• Julia Parker

Marriage Equality Pioneer in Our Midst

If anyone can speak to the history of LGTBQ+ representation at Friends, it’s 3rd grade teacher Gita Deane. The battle she fought for marriage equality in Maryland changed minds - and eventually laws.

 Ms. Deane is originally from India. After high school in Pune and Japan, she came to the States for college in 1979. There she met her partner, Lisa Polyak (aunt to Mr. Polyak, Friends’ new physics teacher).

 In the late 1990s, the couple decided they wanted to have children, and to be parents who were out and proud.

 “We didn’t want our kids to grow up with shame,” Deane says.

 This wasn’t easy, for them, or for their children. When their daughters were in elementary school, Deane remembers, kids told them: “You can only play this game if you have a mom and a dad,” and “You don’t know what you're missing by not having a dad.”

 From 2001 to 2003, Deane worked at Friends as the learning specialist in the Middle School. In those days, she says, Friends was not a place where she felt safe being out. Some colleagues seemed affronted when she mentioned her partner and her children. “Why do you have to bring it up?” she remembers them asking. When she asked around, she was told there was only one other teacher who was “kind of” out. She and her partner chose not to enroll their kids here. Instead, she moved on to Bryn Mawr and Goucher.

 In 2004, Deane and her partner were approached by the ACLU of Maryland and Equality Maryland and asked if they would consider being part of a group of couples fighting for marriage equality. They agreed, and became two of 19 plaintiffs who brought a lawsuit to state courts demanding the right to marry. They were picked to be the lead couple on the lawsuit “Deane and Polyak vs. Conaway.” They were both nervous, mainly fearing the backlash their children would receive.

 They were right to worry. When their court case made the news, her daughters got hate mail through their school emails. Their moms asked the school to block the senders. And they kept fighting.

 “Even though we are marginalized and we don’t have these rights, we are still in a place of privilege to tell our story,” Deane remembers them saying to one another. “We knew that neither of us would get fired from our jobs. We also recognize that we have an incredible story to tell because of all of the struggles we had to overcome and had yet to overcome.”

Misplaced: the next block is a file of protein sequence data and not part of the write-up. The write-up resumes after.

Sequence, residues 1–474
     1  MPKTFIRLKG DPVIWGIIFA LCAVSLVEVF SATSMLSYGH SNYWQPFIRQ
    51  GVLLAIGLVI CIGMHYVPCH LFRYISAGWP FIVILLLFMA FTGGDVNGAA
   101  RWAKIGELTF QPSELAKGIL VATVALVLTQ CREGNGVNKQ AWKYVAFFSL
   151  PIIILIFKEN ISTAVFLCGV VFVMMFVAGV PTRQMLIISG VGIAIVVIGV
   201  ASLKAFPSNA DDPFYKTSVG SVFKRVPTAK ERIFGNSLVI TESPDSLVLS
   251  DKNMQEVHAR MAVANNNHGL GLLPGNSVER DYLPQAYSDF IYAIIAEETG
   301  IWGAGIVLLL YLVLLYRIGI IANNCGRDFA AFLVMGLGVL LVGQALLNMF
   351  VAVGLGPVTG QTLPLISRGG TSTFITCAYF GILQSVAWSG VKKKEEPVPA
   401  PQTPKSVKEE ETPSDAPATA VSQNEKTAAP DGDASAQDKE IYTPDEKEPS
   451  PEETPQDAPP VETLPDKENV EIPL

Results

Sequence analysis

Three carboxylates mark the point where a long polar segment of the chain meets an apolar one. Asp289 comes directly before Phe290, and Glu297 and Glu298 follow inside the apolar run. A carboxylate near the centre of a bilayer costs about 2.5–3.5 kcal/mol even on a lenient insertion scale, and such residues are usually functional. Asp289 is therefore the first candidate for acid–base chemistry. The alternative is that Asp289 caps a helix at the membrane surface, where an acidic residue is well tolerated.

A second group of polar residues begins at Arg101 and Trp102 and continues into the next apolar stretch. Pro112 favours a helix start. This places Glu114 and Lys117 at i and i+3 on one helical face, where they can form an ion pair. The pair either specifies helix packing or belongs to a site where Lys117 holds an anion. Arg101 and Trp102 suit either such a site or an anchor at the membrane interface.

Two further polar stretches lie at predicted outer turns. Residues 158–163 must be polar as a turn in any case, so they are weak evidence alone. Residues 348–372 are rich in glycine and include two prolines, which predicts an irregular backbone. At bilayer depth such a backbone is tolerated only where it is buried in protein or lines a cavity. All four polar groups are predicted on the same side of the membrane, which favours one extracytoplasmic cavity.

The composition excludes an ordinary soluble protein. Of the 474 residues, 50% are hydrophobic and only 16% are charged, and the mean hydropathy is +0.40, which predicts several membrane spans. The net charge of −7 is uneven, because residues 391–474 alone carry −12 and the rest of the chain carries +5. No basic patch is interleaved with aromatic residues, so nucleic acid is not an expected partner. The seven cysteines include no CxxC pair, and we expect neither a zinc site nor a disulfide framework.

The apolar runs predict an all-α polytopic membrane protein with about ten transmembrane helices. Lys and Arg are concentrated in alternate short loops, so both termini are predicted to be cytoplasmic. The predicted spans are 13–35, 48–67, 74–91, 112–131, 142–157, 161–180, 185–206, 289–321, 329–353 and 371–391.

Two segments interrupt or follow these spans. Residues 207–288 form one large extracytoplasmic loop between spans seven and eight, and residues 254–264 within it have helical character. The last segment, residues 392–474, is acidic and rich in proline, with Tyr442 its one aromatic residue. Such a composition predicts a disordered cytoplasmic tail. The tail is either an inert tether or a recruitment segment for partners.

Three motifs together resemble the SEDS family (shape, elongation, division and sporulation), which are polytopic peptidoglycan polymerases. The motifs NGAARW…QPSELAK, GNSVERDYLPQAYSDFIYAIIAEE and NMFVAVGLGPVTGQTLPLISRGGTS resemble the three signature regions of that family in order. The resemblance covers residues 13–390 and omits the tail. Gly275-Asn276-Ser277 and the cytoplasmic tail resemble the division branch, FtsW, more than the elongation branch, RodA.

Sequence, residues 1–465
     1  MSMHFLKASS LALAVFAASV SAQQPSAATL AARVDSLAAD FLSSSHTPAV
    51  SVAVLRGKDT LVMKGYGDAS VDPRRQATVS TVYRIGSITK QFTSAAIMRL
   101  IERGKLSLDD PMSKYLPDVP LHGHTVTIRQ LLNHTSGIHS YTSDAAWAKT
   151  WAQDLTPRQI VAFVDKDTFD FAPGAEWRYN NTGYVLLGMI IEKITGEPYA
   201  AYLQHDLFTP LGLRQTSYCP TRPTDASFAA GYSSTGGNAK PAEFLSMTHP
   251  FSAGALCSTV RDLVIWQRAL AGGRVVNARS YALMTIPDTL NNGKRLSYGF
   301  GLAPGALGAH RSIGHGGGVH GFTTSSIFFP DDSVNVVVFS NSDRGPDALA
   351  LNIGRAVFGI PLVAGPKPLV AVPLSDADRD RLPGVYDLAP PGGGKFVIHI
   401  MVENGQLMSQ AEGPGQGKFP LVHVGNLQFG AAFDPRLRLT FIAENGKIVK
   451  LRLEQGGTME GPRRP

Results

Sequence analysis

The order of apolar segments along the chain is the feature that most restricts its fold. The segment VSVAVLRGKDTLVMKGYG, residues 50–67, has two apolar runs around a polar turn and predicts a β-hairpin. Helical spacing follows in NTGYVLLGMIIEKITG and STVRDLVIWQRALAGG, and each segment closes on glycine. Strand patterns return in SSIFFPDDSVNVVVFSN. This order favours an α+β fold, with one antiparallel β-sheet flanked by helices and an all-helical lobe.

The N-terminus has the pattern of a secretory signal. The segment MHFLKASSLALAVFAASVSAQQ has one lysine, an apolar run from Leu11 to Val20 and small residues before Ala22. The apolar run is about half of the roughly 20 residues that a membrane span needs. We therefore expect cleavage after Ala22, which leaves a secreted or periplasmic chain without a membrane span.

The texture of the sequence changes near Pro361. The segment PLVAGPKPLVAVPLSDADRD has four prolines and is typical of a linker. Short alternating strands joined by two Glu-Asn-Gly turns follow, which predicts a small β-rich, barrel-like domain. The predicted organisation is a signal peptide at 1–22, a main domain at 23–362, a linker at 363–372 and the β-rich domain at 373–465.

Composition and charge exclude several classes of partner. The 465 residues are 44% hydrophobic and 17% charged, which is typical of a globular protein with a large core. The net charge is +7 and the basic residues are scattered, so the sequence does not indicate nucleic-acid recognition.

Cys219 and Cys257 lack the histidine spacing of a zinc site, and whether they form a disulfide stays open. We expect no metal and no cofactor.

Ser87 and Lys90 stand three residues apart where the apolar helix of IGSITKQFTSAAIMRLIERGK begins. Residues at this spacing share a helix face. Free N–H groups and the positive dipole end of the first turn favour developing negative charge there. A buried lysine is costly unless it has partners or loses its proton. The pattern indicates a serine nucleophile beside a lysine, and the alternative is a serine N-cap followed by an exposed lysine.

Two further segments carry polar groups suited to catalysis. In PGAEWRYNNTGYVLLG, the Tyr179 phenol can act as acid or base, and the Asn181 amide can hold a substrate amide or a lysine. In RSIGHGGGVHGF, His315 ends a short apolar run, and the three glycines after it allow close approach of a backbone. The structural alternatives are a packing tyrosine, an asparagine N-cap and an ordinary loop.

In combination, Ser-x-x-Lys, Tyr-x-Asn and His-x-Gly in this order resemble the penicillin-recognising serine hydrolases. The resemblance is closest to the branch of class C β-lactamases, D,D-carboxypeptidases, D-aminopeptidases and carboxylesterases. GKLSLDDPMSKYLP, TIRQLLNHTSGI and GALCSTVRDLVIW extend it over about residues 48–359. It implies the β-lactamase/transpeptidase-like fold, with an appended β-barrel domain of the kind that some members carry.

In the end, they lost. In 2007, the court upheld the state law that barred same sex couples from marrying. In 2011, the couple got married in a DC hotel, surrounded by a small group of friends. “We couldn’t wait for Maryland to get their act together,” Deane says.

 But then, in 2012, partly thanks to the groundwork their case laid, same-sex marriage was put to a vote. It passed, and became legal in Maryland.

 Last year, Deane returned to Friends to teach in the Lower School. She says the change in climate is dramatic. When she drove up to the school for her interview, she saw the rainbow pride flag flying over the Micciches’ house.

 That was “an unbelievably, heartwarming, emotional experience for me,” she says. “Because symbols - to people who are not reflected in the majority - mean everything. Especially people who have had struggles.”

 Coming to work at Friends today feels so different from 15 years ago, Deane says.

 “I can now bring my identity completely to work: my immigrant, Indian, lesbian identity to work,” she says. “I never realized how extremely liberating that was.”

 Deane says she wants to give credit to the administration for creating an environment that allows her to display her family photos without shame.

 Last fall, the Lower School made a bulletin board for LGBTQ+ history month, of queer faculty/staff family photos. Deane’s was the only family on it. This month, the same bulletin board features photos of four faculty, staff, and administrator families with LGBTQ members - including the Head of School’s.

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